While we’re supposed to be in a period of recovery from the Great Recession, the economy has been lagging more than expected lately. Does this lack of growth mean we’re slipping back into a recession?
If we are, it’s not one similar to what we saw in 2008 because the unemployment rate isn’t soaring up. Rather growth has been stalling this year, enough to make the Federal Reserve question whether to hike interest rates in June as it has said it wants to.
Growth stalled a lot in the winter. Annual gross domestic product growth dropped to 0.2%, and according to the Atlanta Fed’s GDPNow model, it’s only increased to 0.9% since. And the Washington Post suspects that any positive growth in the first quarter could be revised now that we know the U.S. trade deficit grew to the highest level in more than six years in March. The gap increased 43.1% to $51.4 billion, according to the Commerce Department, exceeding the estimates of 70 economists surveyed by Bloomberg. Foreign goods, capital goods, and consumer products were purchased at record rates, while demand for petroleum dropped.
Those facts are what make economists nervous, but employment growth may be keeping us from falling into a real recession.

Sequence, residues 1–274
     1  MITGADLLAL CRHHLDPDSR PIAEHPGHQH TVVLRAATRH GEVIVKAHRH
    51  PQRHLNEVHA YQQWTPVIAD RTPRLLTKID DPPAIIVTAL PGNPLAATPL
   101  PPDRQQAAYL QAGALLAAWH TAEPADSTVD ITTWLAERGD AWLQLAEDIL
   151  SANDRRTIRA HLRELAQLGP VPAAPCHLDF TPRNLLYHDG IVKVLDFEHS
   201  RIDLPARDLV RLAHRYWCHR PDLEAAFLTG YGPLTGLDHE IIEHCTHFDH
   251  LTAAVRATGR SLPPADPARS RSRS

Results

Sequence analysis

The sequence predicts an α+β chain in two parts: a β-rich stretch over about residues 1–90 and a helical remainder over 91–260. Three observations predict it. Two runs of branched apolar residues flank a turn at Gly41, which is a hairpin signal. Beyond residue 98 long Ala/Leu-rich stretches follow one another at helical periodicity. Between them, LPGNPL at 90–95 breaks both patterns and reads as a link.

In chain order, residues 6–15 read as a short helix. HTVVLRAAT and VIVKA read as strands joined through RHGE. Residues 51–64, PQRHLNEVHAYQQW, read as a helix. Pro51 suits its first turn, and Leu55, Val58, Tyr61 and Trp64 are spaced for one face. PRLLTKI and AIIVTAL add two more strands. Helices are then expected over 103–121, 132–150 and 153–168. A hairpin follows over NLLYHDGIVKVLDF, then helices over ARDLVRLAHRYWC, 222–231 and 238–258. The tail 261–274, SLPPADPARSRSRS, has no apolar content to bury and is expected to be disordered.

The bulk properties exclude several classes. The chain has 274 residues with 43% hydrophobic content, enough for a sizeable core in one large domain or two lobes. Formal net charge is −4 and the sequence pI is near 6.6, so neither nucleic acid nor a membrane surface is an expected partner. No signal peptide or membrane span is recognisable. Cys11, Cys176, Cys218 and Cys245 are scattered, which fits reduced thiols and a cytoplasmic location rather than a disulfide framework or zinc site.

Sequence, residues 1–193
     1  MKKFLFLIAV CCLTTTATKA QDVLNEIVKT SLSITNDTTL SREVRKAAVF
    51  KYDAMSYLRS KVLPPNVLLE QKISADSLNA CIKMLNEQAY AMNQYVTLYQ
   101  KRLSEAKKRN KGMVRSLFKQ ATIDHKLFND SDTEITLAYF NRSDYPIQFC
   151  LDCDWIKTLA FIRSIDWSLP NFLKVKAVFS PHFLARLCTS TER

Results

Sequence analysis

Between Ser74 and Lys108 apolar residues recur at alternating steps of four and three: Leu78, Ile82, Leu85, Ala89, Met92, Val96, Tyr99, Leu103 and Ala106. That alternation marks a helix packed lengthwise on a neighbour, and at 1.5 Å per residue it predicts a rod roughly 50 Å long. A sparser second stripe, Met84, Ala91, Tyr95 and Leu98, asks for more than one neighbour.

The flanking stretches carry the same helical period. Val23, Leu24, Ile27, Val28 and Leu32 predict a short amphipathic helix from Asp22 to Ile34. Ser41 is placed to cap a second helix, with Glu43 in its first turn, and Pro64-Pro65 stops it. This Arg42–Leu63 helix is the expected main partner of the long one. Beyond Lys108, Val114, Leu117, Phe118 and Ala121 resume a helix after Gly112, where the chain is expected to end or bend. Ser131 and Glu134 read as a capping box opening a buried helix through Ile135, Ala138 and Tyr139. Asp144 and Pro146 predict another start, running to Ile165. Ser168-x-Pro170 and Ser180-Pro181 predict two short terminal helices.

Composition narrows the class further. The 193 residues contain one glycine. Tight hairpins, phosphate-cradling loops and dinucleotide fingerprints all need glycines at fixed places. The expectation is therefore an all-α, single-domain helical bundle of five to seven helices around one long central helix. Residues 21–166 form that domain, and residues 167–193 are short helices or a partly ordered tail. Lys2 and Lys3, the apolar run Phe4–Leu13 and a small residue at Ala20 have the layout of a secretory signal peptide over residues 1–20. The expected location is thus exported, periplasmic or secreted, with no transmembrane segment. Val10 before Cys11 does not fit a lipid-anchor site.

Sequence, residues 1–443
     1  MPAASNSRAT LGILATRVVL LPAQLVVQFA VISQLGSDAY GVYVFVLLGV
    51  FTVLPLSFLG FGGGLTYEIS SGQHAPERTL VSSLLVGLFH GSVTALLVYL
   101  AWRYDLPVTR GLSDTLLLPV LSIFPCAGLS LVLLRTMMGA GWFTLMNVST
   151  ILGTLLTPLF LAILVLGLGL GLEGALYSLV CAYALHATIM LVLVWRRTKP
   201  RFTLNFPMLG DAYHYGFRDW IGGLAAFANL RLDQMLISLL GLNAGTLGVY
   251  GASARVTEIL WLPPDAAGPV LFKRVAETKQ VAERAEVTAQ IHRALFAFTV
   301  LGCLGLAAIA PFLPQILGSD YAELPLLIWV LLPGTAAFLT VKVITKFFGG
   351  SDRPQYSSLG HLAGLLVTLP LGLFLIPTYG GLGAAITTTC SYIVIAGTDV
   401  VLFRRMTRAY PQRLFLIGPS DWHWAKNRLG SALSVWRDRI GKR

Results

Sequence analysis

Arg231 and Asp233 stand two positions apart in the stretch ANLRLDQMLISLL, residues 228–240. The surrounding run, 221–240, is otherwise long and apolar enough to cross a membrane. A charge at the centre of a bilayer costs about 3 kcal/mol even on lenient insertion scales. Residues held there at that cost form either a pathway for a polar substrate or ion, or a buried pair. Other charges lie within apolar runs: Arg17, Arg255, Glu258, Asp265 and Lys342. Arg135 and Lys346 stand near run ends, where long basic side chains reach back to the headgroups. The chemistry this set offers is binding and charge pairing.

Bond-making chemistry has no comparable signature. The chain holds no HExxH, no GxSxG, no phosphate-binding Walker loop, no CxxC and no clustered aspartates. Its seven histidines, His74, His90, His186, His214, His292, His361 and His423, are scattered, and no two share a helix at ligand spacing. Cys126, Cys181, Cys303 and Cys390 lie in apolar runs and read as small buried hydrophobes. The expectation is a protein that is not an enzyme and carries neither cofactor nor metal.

How is this affecting jobs?
Despite adding 591,000 jobs this year, the the unemployment rate remained unchanged at 5.4%, according to the U.S. Bureau of Labor Statistics. In April, the number of unemployed persons (8.5 million) stayed about the same as the previous month. Overall, the unemployment rate went down by 0.8 percentage point for the month, and the number of unemployed dropped by 1.1 million for the month.
“We see this report as reducing concerns that weak first-quarter growth represents a loss of economic momentum,” Michael Gapen, chief U.S. economist at Barclays in New York, said to Reuters.
The BLS said in its latest report that total nonfarm payroll employment increased by 223,000 in April, slightly below the monthly average of 257,000 jobs added over the past year.
Though the it’s not as strong as economists would like, this growth is probably still enough that to keep the Fed on track to raise interest rates, a sign that they think the economy is safely recovering.